Both Young and Stefan Lofgren, director of the park’s climbing program, believe any new recommendations for mountain safety will be in line with what it has long thought to be the best way to keep people safe: Educate visitors so they can make good decisions.
“The mountain has way more power than anything we can predict or do,” Young said. “It comes down to individual judgment.”
To this end, the park’s approach to preventative search and rescue is like the mountain itself, always changing. Even when not spurred by a board of review, avenues for dispensing safety information are added almost every year.
In fact, the latest layer – Tomlinson – was added just three days before the four who died on the mountain walked past her.
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Tomlinson’s position is the brainchild of Lofgren, who started working as a climbing ranger at Mount Rainier in 1992.
The park typically has about 16 climbing rangers on staff during the summer, but Lofgren is the only staffer during the winter.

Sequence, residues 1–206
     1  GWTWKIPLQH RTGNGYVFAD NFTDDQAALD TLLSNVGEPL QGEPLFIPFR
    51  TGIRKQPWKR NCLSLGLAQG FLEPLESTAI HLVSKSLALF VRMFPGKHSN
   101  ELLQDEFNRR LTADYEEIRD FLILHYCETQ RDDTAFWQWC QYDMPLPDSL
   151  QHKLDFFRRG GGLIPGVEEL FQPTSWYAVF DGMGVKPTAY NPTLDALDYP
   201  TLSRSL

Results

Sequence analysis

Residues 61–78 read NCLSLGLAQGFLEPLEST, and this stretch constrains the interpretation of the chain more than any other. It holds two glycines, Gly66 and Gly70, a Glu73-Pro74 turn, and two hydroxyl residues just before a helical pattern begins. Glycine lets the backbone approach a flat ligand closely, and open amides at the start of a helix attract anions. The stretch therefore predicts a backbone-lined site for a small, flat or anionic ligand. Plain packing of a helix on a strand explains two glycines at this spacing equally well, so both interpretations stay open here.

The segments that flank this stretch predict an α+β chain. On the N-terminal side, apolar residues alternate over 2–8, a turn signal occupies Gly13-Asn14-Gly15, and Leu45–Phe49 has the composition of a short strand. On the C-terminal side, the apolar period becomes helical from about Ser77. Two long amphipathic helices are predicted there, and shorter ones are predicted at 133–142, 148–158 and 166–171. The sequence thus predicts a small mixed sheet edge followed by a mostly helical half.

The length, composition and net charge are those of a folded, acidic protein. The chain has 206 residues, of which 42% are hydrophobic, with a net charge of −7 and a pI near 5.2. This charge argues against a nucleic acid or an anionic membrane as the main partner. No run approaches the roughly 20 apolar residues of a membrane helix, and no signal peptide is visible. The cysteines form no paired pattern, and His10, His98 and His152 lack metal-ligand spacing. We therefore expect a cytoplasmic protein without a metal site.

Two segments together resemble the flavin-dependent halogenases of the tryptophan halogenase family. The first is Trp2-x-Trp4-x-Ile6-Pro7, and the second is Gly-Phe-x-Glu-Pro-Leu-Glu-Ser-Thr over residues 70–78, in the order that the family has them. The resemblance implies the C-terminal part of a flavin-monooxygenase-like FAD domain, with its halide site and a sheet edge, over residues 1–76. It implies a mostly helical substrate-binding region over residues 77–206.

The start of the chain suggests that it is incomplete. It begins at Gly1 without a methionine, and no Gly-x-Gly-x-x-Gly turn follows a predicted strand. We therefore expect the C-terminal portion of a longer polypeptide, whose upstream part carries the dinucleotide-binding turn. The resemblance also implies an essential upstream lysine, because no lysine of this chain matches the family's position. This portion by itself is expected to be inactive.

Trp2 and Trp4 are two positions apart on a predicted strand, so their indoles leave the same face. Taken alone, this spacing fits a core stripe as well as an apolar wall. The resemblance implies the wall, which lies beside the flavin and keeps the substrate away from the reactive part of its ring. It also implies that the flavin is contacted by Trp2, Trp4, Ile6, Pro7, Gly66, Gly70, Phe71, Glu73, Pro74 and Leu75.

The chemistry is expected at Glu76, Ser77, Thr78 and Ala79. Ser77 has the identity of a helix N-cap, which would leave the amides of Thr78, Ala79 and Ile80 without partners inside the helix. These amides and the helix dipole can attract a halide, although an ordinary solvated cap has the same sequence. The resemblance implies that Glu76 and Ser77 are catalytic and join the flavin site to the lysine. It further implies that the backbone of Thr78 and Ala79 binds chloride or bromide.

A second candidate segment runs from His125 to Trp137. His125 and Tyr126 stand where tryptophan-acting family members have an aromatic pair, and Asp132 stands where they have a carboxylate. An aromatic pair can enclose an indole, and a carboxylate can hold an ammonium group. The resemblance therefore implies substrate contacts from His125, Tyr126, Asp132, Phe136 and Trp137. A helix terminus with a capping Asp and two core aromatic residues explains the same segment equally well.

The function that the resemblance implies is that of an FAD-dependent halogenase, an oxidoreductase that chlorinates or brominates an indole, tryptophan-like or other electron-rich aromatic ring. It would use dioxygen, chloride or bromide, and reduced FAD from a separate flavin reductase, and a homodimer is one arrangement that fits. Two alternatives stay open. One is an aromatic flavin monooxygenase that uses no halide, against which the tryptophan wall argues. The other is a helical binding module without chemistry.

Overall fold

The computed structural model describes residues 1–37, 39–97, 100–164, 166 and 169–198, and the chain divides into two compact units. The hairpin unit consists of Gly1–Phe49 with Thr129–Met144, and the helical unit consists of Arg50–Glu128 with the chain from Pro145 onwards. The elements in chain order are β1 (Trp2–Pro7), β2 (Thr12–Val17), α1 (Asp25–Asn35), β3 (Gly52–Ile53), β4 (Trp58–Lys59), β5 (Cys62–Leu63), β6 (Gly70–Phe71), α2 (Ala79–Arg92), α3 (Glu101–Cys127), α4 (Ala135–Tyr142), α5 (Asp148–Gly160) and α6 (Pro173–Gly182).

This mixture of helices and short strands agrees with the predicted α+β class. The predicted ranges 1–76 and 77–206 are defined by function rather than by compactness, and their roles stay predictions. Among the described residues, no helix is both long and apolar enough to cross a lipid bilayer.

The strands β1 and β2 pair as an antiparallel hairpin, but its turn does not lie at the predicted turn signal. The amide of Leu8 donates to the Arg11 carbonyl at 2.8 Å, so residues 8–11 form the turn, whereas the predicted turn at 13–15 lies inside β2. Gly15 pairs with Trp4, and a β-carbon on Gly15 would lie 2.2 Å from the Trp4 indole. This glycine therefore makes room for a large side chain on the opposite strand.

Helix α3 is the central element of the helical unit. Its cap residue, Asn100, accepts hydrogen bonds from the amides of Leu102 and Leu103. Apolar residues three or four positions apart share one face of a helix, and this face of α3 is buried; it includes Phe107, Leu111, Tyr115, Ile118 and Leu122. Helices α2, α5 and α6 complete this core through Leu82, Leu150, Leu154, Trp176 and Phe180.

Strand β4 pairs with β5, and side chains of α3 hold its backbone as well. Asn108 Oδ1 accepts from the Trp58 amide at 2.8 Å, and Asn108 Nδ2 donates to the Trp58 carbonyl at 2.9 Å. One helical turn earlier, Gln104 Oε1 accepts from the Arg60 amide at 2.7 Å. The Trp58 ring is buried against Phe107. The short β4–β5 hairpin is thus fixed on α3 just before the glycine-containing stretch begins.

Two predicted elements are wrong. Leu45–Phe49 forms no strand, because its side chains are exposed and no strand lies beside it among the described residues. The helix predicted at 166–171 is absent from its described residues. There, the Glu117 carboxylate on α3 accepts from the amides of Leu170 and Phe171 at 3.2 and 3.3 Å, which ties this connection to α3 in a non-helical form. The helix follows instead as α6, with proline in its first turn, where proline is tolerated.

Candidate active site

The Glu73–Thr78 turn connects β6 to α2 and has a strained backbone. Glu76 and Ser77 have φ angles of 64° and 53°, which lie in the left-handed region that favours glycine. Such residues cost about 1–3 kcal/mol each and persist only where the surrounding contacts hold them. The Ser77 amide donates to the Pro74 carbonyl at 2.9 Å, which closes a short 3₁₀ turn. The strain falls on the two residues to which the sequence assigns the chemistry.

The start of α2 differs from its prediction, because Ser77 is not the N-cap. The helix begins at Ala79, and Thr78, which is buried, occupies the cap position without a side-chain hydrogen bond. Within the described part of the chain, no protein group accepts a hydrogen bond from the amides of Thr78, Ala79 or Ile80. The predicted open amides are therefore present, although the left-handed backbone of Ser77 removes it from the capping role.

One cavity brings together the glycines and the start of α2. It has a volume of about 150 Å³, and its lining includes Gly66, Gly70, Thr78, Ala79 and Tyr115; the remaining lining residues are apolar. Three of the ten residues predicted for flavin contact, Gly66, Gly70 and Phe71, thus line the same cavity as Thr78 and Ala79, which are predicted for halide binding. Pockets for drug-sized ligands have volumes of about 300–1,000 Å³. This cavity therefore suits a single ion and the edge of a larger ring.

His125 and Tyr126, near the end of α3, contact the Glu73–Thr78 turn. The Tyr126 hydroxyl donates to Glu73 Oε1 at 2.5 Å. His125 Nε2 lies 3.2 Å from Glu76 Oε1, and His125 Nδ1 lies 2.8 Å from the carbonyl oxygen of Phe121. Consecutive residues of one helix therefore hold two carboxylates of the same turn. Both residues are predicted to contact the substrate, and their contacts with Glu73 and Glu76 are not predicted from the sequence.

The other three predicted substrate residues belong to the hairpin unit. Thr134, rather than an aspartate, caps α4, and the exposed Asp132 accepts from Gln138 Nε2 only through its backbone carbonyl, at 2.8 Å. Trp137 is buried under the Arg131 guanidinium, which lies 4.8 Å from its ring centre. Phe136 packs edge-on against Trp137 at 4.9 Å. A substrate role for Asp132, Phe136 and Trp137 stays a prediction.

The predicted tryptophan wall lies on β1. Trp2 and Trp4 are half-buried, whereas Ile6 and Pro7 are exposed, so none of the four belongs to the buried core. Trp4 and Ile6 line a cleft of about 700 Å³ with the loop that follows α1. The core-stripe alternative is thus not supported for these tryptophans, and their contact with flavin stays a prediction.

During winter, the park utilizes rangers and other park employees with climbing and search-and-rescue experience who can help respond in emergency situations, Young said. It also relies on volunteer groups, guide services and bringing back summer employees on a short-term basis.
On winter weekends in the past, Lofgren said, it was not uncommon for the last park employee who visitors saw to be at Longmire, 10 miles down the road and 2,700 feet below Paradise.
Believing an employee armed with the latest weather and avalanche information at Paradise would carry more weight with visitors than somebody below timberline, Lofgren last year began stationing a volunteer at Paradise during winter weekdays. On winter weekends when visitor traffic is higher, rangers and volunteers have long been stationed at Paradise to provide such information to visitors.
This year he finalized an agreement to hire an intern from The Evergreen State College.
On Jan. 10, while most park employees where at the memorial service for slain ranger Margaret Anderson, Tomlinson’s internship began.
For $20 per day, lodging at Longmire and 16 college credits, she spends weekdays at Paradise splitting her time between snowshoes and her desk, answering questions and relaying information, among other duties.
Tomlinson is from Albion, a Northern California fishing community, and loves the mountains. She said it was eerie seeing four people right before they disappeared.